Defeat is part of sport in the same way that tough times are part of life

The lesson: Build a broader kicking game.

3. Acknowledge defeat but do not dwell on it

I recently interviewed Jason Fox for my podcast. You may know him as ‘Foxy’ from the hit Channel 4 show SAS: Who Dares Wins. I asked him about how the special forces maximise learning from a setback, and how they are trained to deal with defeat:

“The first thing you want to do after an operation is have a wash and go to bed but you don’t. You hit it while the iron is hot. You get everyone together. Someone guides the discussion and you go around the room talking about what each individual did and why.

“It’s not a witch hunt. It’s just a grown up way of looking at how you do things better next time. In the military, we acknowledge defeat but we don’t dwell on it. You come back you lick your wounds. Then you bounce back and go again.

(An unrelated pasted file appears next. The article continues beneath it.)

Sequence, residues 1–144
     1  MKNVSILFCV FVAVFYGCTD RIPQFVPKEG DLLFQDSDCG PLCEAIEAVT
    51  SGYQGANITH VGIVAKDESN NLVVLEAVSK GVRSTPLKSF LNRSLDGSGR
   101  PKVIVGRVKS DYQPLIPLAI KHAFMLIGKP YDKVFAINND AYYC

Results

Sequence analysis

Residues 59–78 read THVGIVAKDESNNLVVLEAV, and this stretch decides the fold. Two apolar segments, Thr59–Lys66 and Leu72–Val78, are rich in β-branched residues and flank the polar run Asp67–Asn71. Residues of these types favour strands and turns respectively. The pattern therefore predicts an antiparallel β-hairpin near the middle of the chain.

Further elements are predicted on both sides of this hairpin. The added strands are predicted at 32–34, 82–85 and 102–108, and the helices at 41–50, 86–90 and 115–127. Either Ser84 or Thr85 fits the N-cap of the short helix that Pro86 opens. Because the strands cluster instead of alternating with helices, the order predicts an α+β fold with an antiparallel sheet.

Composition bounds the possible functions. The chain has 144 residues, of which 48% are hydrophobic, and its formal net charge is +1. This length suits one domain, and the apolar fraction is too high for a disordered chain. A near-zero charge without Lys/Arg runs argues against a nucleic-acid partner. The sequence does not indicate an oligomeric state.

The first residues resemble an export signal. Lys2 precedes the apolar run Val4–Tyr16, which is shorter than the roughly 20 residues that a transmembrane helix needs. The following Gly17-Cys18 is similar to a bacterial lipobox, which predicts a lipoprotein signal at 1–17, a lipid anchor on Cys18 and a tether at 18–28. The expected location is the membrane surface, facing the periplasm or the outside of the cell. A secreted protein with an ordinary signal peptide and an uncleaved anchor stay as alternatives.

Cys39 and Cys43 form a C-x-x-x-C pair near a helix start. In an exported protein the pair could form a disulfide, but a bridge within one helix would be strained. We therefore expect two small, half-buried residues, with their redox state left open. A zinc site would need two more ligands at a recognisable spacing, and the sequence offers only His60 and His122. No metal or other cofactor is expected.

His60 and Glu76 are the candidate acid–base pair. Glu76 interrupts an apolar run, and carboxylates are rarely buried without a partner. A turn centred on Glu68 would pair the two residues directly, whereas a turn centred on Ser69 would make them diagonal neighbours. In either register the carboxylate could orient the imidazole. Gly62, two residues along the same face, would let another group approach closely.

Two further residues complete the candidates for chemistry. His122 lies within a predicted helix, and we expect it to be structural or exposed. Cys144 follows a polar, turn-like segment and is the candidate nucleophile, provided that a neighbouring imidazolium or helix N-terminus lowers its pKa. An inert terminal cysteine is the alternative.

“Dwelling on that failure over and again puts you in a negative mindset. It’s about using that failure, picking yourself up, and making it a building block to being a better version of yourself.” 

Listening to Foxy, you realise that their review process is immediate, it’s direct and it’s raw. I have just watched a brilliant Amazon Prime series about the Aussie cricket team. It’s called The Test, and it charts their course from the international disgrace of ball tampering in South Africa to retaining the Ashes in England.